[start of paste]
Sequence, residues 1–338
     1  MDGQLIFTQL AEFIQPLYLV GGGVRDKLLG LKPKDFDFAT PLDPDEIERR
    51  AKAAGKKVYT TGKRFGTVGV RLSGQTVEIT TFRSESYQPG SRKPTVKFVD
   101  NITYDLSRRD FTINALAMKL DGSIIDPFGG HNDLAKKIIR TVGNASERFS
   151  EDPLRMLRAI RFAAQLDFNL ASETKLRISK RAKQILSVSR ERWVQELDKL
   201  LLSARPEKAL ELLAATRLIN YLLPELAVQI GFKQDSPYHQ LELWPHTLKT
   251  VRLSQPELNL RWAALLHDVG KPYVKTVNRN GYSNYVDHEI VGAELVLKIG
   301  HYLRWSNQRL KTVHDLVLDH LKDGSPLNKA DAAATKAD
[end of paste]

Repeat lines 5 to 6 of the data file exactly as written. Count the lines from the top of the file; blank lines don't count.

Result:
   151  EDPLRMLRAI RFAAQLDFNL ASETKLRISK RAKQILSVSR ERWVQELDKL
   201  LLSARPEKAL ELLAATRLIN YLLPELAVQI GFKQDSPYHQ LELWPHTLKT